Now that he’s retired he’s still equally busy. The red tapism in India keeps him suitably busy and largely frustrated. During one his walks, he noticed a pipe was leaking and of course my chagrined father went to the local MLA to tell him a thing or two about wasting water.

He’s a Doer. He’s the ideal candidate for a Power of Attorney. My sister entrusts him with her investments. He walks over to her house and attends to her garden. He recently fixed her washing machine using an old vegetable tray. On another occasion my sister was complaining that her sunglasses have become loose so my father used a hair dryer to heat the plastic until it worked. We would have purchased another pair. We’re the infamous use and throw generation. My dad on the other hand was from the mend and save generation.

When any of us have a work related problem, my dad always assures us by saying ‘Don’t worry about losing a job. I can’t provide you with the luxuries you’re used to but I can still take care of my children’s necessities’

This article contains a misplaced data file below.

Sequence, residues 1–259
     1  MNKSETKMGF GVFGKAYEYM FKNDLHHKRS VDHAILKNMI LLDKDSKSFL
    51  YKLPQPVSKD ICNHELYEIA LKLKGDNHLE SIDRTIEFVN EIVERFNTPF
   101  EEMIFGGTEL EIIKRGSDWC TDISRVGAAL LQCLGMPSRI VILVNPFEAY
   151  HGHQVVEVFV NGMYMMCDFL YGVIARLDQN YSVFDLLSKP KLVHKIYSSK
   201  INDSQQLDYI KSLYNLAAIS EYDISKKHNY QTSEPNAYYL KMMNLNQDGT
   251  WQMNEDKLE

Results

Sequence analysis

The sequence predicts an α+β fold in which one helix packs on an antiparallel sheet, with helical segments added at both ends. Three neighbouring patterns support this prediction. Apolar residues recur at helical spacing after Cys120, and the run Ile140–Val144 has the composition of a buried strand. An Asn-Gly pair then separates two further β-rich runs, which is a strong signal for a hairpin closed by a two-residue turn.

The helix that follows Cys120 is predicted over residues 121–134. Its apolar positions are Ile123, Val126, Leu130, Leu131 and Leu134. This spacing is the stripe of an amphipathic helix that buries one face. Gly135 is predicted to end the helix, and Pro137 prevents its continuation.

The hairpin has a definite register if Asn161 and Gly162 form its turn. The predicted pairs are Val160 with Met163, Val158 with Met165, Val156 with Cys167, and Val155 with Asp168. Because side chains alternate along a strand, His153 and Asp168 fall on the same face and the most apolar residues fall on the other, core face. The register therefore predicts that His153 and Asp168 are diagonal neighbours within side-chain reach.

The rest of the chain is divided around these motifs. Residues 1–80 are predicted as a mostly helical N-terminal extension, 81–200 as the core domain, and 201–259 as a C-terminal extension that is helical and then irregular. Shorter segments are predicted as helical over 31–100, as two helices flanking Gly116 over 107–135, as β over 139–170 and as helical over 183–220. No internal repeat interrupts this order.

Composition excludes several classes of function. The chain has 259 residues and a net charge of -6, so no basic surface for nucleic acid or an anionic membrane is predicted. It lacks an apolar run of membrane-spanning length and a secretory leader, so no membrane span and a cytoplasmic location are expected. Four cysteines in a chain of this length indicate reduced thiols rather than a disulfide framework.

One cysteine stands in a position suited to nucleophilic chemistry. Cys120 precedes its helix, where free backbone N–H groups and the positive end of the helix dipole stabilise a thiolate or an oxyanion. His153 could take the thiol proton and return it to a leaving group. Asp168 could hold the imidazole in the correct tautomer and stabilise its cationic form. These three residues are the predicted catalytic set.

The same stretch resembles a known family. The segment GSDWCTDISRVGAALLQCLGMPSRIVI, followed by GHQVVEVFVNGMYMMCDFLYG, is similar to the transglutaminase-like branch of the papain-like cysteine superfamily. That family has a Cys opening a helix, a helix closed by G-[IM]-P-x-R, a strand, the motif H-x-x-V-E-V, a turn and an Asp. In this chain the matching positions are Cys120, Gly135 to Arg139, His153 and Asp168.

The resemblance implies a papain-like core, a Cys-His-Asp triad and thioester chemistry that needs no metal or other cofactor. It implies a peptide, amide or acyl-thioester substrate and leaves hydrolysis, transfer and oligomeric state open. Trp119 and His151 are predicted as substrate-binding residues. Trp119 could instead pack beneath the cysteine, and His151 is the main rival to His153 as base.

My intention here is not to extol about my dad. It’s just a salute to our dads. The rare breed of men who make it all possible. One might argue that they were not hands-on daddies like we find today and I agree. But life is all about trade offs. The relationship with my father wasn’t based on friendship. Papa wasn’t playful but was respected. Feared more than he was loved.

Sadly he is also taken for granted. Until now.

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To right the wrong

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“We’re all seeking that special person who is right for us. But if you’ve been through enough relationships, you begin to suspect there’s no right person, just different flavors of wrong.
Why is this? Because you yourself are wrong in some way, and you seek out partners who are wrong in some complementary way. But it takes a lot of living to grow fully into your own wrongness. And it isn’t until you finally run up against your deepest demons, your unsolvable problems—the ones that make you truly who you are—that we’re ready to find a lifelong mate. Only then do you finally know what you’re looking for.
You’re looking for the wrong person.
But not just any wrong person: the right wrong person—someone you lovingly gaze upon and think, “This is the problem I want to have”.
I will find that special person who is wrong for me in just the right way. Let our scars fall in love.”

― Galway Kinnell

As I Walked Out One Evening by W. H. Auden

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As I walked out one evening,
Walking down Bristol Street,
The crowds upon the pavement
Were fields of harvest wheat.

And down by the brimming river